Buoyed by the recent transfer of Teva Pharmaceuticals Ltd.’s listing from the
rival Nasdaq stock market, the New York Stock Exchange is on a mission to
attract more Israeli firms to Wall Street.
Teva, the world’s largest
manufacturer of generic drugs, is one of eight companies from around the world
that have transferred their stock listing from Nasdaq to the NYSE this year. Its
addition in May increased the number of Israeli companies listed on the NYSE to
16, while more than 50 trade on Nasdaq.
“[The addition of] Teva, together
with the Gazit-Globe IPO at the end of last year, is a clear sign that our
presence in this market is becoming more visible and a reflection of our good
relationship with the Israeli business community,” NYSE Euronext head of
international listings Diederik Zandstra told reporters in Tel Aviv on
NYSE Euronext is the world’s largest operator of stock exchanges,
with $14.2 billion in market capitalizations last year. It facilitates 43 times
more in one day, in dollar value of transactions, than online shopping website
eBay does in an entire year, according to people familiar with the matter. It
also claims to be responsible for 55 percent to 56% of global technology
listings this year, despite Facebook’s high-profile IPO on the Nasdaq and
Nasdaq’s traditional reputation for being tech-friendly.
The New York
Stock Exchange’s decision five years ago to lower its minimum-networth
requirement from $750 million to $150m. opened the door for hi-tech companies to
list, but it took some time for the tech industry to acclimatize to the changes,
NYSE Euronext chief operating officer Larry Leibowitz said Monday.
old New York attitude was, ‘When you grow up you’ll come here,’” he said. “And
guess what, when Apple grew up it didn’t bother, and when Microsoft grew up it
didn’t bother. And so New York realized that we had to change, and we also had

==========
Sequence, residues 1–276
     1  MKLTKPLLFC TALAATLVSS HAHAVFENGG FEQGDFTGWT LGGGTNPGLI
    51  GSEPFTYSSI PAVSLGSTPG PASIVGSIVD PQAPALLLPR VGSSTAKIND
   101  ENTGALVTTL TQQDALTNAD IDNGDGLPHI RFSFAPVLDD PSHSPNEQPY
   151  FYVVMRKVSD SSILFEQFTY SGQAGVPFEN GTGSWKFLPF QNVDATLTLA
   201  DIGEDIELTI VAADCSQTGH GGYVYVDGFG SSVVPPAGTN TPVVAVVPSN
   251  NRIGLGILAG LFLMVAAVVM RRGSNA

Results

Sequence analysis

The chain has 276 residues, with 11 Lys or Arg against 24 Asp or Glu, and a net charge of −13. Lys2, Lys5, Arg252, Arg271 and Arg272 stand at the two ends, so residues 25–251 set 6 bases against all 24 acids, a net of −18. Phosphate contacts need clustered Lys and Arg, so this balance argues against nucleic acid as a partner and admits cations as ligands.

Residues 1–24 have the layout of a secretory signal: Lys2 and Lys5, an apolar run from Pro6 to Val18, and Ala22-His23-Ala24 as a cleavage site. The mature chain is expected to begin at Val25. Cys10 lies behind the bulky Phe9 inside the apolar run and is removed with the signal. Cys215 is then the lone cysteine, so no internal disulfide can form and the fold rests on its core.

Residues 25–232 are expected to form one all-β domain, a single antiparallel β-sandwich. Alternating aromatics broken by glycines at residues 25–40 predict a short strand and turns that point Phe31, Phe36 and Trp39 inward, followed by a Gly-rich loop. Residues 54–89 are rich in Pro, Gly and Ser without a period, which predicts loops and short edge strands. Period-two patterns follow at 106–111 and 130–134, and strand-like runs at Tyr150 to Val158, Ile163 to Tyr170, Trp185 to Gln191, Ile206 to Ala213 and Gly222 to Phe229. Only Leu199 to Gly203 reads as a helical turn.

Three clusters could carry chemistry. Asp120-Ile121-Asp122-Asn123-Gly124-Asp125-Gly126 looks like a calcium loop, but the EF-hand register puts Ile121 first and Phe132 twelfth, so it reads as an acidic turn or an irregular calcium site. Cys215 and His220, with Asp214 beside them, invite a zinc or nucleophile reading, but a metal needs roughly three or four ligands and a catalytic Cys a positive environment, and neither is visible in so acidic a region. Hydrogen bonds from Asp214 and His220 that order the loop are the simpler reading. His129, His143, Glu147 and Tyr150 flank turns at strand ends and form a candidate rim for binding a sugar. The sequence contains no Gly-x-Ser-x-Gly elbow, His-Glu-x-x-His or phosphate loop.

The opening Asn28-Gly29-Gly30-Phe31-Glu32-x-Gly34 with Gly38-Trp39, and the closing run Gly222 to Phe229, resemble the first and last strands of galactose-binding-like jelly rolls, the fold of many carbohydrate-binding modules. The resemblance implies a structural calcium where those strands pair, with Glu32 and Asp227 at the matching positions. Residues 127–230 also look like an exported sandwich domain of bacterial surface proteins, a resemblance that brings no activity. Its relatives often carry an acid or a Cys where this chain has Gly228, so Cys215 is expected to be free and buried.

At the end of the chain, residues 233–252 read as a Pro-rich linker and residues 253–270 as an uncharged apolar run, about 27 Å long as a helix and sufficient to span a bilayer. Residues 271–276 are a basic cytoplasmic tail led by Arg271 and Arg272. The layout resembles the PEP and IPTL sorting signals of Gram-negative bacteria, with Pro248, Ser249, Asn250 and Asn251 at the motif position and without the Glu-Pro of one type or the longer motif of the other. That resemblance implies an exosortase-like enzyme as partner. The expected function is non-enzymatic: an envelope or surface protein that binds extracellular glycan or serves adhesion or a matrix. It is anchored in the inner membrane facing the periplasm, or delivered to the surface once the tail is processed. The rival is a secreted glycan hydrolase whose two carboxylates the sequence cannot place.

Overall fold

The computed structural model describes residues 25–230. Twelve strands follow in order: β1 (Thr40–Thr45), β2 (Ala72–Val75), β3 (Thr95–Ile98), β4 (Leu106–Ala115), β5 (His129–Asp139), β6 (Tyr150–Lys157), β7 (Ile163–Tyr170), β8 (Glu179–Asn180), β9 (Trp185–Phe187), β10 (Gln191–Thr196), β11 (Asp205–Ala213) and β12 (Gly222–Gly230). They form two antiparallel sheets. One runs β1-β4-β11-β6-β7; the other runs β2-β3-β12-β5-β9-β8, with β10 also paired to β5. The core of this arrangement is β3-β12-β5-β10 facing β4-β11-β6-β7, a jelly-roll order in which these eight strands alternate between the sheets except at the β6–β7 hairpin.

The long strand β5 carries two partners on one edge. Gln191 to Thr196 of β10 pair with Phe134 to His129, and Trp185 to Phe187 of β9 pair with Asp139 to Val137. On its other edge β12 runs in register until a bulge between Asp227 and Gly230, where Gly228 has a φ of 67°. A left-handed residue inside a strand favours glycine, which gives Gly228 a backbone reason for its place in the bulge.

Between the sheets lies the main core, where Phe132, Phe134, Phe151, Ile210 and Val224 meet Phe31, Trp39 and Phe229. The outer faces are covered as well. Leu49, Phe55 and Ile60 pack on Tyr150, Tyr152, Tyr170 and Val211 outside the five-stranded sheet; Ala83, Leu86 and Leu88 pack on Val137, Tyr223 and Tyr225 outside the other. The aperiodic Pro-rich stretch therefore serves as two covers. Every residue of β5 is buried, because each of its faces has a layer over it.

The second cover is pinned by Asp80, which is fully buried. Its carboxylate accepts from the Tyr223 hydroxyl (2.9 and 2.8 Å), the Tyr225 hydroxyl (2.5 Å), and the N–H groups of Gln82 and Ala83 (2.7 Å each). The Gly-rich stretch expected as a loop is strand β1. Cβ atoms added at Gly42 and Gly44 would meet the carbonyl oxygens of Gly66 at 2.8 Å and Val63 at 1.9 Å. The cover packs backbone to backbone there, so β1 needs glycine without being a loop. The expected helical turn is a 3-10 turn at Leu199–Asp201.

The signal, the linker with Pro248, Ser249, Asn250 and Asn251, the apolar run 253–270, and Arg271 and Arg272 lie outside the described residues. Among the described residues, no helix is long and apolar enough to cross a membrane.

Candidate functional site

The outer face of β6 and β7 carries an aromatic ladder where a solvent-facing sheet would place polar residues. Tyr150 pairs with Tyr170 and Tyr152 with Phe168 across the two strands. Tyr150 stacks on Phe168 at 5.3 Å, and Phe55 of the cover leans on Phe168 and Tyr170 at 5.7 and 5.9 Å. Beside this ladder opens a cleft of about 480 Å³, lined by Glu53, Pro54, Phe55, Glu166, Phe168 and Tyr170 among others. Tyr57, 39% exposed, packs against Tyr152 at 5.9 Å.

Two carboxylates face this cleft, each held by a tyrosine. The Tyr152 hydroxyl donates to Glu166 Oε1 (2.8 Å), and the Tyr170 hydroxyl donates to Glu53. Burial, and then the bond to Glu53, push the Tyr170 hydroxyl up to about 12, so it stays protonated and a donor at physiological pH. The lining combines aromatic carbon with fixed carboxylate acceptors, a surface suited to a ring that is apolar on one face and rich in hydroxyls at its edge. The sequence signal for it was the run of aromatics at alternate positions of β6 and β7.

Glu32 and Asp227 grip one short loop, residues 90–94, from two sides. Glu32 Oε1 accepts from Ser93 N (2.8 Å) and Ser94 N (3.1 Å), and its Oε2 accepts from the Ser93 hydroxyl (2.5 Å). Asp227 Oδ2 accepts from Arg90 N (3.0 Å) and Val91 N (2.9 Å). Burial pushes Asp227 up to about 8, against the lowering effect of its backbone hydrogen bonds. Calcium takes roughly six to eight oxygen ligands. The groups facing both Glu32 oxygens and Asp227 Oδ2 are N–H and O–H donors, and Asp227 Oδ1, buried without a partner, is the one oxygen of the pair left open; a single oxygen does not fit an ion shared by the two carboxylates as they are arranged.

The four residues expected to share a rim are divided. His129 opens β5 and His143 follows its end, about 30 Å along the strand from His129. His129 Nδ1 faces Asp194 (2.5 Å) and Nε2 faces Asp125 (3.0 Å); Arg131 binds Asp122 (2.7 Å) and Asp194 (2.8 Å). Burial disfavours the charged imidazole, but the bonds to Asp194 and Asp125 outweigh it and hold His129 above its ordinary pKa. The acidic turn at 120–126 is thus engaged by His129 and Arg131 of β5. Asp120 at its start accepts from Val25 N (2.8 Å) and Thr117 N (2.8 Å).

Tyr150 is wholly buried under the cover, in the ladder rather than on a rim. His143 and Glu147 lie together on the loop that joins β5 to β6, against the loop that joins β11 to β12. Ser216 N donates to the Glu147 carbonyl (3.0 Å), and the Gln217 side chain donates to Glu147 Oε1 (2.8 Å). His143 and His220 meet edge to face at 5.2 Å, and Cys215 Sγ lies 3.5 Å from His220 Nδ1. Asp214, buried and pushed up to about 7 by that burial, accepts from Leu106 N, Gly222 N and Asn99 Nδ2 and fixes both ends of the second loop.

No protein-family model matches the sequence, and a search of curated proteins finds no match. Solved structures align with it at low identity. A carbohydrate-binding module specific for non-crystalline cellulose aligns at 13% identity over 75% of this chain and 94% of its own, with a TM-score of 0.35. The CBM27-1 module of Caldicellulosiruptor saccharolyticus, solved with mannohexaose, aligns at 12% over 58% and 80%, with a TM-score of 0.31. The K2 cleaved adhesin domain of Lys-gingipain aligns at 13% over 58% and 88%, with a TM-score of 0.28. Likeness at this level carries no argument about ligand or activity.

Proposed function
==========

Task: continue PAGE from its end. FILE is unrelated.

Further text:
to build relationships with companies earlier.”
The NYSE’s listings
business is now run by four ex-tech bankers, a move Leibowitz credits for the
exchange’s success in attracting Internet giants such as LinkedIn, Yelp and
Pandora over the past four years. But it took numerous visits to Israel to
convince local tech companies that it is safe to go public with the NYSE, he
Leibowitz and Zandstra acknowledged that investor confidence has
been hurt by global uncertainty and by Nasdaq’s botching of the Facebook IPO.
Nasdaq OMX Group CEO Robert Greifeld attributed the Facebook flop to staffer
arrogance and overconfidence, The Wall Street Journal reported Monday. Technical
problems caused a half-hour delay on Facebook’s first day of trading on May 18.
Once trading began, investors complained of difficulties with completing and
canceling orders, causing them an estimated $500m. in losses.
conclusion is that the [Nasdaq] exchange didn’t do a good job,” Leibowitz said.
“I would never say that we would never have a problem with technology. But how
you react to that and how you handle the crisis is very much up to you. It is an
exchange’s job to be transparent, to communicate fully and to take
responsibility and accountability.
We feel like that was lacking in this
“When we talk about the stock market, this is not like going to
the horse track. People are investing their retirement savings, and if they
don’t feel like it’s a safe place where they have a fair chance, they’re going
to be scared,” he said.
When combined with an already rough economy,
Leibowitz said, the Facebook fiasco “just adds to this negative feeling about
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